What Price envisioned was a food-oriented market modeled on the Pike Place Public Market, where local people–especially women and minorities–could offer their goods. Aaron Pohl-Zaretsky moved to Asheville, building interest in the project, recruiting a strong, community-based board of directors and working to find appropriate local businesses. But developers shied away from taking such an expensive project, so after a few failed attempts, Price agreed to allow Pat Whalen and PIP to take on the project, with the Public Market on the first floor and residential apartments above. The pair were aiming for a public/private partnership with the City and local banks. “We were going to do a deal, capping Julian’s return at 6 percent,” says Ramshaw. “If we made more, we would donate the money to parks and children’s activities. We asked the city to take care of parking and sidewalks.”
But no local banks were willing to invest in the project without an amount equal to the investment deposited in cash or other securities. Investors still saw downtown real estate as risky. PIP continued architectural and engineering work for the project and found a way to work around the banks’ reluctance, but still needed some buy-in from the federal government and the City. When the City decided it could not guarantee additional parking, PIP withdrew from the project, but not before donating another $250,000 to the Foundation with this stipulation: no space would be leased to chains or compete with businesses housed within 1000 feet of the arcade.
The Foundation went on to raise $13 million for the ground floor redevelopment and was able, ultimately, to attract Carolina Power & Light (CP&L)–now part of Duke Energy– to develop the upper four floors. “But CP&L wanted much more upscale shops with less of a food focus and less focus on women- and minority-owned businesses,” says Pohl-Zaretsky. “We did not have a happy relationship.”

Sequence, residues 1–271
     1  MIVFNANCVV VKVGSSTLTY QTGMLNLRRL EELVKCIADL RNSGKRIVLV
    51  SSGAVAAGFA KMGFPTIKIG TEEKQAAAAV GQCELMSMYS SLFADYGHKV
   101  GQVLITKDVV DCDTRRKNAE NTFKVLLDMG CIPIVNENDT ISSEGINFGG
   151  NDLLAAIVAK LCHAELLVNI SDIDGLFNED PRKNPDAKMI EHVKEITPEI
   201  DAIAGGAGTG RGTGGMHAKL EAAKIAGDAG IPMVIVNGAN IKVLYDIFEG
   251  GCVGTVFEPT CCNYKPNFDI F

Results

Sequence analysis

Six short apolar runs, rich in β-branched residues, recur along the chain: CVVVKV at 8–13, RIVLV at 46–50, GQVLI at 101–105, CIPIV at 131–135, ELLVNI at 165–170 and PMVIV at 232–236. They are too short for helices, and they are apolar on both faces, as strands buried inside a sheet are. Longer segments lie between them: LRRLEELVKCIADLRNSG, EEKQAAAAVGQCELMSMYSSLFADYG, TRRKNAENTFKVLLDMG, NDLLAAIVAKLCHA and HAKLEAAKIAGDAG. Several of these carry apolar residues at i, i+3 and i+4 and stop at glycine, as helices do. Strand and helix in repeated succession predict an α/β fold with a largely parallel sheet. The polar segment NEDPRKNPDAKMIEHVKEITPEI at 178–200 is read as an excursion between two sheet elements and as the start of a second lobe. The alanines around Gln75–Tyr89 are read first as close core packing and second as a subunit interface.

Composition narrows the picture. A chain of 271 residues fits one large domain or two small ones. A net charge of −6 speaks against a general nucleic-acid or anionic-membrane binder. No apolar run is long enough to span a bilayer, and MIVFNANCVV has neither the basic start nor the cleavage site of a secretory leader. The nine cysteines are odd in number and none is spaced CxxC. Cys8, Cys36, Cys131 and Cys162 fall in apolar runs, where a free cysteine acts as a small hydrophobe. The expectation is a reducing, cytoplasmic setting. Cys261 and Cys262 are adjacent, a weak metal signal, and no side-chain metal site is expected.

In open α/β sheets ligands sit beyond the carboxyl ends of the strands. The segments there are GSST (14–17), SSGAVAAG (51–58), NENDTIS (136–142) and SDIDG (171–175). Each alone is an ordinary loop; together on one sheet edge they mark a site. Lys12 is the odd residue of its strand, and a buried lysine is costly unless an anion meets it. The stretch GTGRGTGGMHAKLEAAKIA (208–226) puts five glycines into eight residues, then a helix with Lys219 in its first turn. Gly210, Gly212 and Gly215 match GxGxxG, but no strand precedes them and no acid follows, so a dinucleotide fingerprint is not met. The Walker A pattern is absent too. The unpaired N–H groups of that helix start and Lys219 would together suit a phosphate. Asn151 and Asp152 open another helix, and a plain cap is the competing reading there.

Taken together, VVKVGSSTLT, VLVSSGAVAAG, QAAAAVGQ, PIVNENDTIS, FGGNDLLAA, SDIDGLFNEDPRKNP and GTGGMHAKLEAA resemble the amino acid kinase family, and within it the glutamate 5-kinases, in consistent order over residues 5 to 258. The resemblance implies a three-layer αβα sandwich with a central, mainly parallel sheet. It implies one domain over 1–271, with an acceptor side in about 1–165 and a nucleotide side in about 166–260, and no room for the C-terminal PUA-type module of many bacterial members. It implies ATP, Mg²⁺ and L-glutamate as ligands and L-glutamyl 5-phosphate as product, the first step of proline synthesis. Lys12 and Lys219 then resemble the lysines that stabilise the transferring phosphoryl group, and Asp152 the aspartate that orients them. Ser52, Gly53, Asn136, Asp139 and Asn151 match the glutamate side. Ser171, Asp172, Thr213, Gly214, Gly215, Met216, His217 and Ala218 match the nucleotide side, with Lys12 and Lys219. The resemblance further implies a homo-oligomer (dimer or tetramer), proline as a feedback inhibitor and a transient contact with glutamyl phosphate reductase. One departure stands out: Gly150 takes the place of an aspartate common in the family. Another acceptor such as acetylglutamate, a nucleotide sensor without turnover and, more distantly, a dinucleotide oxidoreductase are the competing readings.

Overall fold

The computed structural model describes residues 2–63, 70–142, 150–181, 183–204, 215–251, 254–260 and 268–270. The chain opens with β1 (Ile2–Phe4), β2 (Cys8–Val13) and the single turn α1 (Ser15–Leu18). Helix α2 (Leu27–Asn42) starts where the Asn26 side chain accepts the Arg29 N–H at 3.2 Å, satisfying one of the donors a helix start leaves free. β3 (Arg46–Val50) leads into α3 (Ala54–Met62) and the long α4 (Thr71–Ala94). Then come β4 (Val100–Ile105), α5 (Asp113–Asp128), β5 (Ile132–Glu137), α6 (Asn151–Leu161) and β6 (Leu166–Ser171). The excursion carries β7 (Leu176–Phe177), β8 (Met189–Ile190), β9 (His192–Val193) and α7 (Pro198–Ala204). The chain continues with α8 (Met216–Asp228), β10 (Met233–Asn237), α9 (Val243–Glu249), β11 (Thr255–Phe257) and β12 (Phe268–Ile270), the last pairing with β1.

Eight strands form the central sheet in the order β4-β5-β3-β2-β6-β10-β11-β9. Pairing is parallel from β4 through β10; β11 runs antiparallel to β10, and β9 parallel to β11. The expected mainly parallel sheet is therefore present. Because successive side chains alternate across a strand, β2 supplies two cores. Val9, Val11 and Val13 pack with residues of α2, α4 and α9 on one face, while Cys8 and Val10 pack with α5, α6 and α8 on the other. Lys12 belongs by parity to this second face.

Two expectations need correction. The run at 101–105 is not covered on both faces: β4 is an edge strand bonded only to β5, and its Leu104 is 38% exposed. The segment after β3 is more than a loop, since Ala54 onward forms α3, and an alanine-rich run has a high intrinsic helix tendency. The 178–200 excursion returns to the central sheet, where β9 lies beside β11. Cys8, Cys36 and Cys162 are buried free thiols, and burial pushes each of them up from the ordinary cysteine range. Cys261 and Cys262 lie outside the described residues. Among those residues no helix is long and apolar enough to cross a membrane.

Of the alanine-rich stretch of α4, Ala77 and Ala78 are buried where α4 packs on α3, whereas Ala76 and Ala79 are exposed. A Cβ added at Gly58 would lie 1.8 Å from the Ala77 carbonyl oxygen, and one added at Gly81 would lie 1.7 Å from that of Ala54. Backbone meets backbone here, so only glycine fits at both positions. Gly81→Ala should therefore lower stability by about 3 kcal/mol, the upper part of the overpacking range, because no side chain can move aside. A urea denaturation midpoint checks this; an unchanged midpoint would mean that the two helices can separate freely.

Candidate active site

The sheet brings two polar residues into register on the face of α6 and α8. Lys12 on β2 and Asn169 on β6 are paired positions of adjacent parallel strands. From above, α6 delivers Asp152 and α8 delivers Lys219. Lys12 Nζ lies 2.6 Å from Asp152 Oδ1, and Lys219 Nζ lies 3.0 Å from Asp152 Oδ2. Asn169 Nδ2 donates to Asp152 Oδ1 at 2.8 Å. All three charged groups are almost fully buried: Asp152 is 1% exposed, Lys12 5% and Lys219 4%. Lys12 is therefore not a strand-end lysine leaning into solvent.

Although the project was not completed as originally envisioned, after a $40 million renovation, the Arcade was reopened to the public in 2002– one of the city’s architectural jewels restored in part because of Price’s involvement.
Price’s and PIP’s business investments weren’t all as deep and dramatic as the investments showcased here. Nonetheless each–the Fine Arts Theatre on Biltmore; Mobilia, a contemporary furniture store on Haywood; Blue Moon (now City) Bakery; The Marketplace Restaurant; Laurey’s Catering (now 67 Biltmore Cafe); the French Broad Co-op; and Jack of the Woods– were intended to and did become important parts of downtown’s appeal.
“These business owners were all great people with great businesses, “ says Ramshaw. “Unfortunately many of them were not in a financial position that banks were comfortable investing in. Julian was willing to bet, through PIP, on people with talent and vision, says Ramshaw, “so long as the result was something great for downtown.”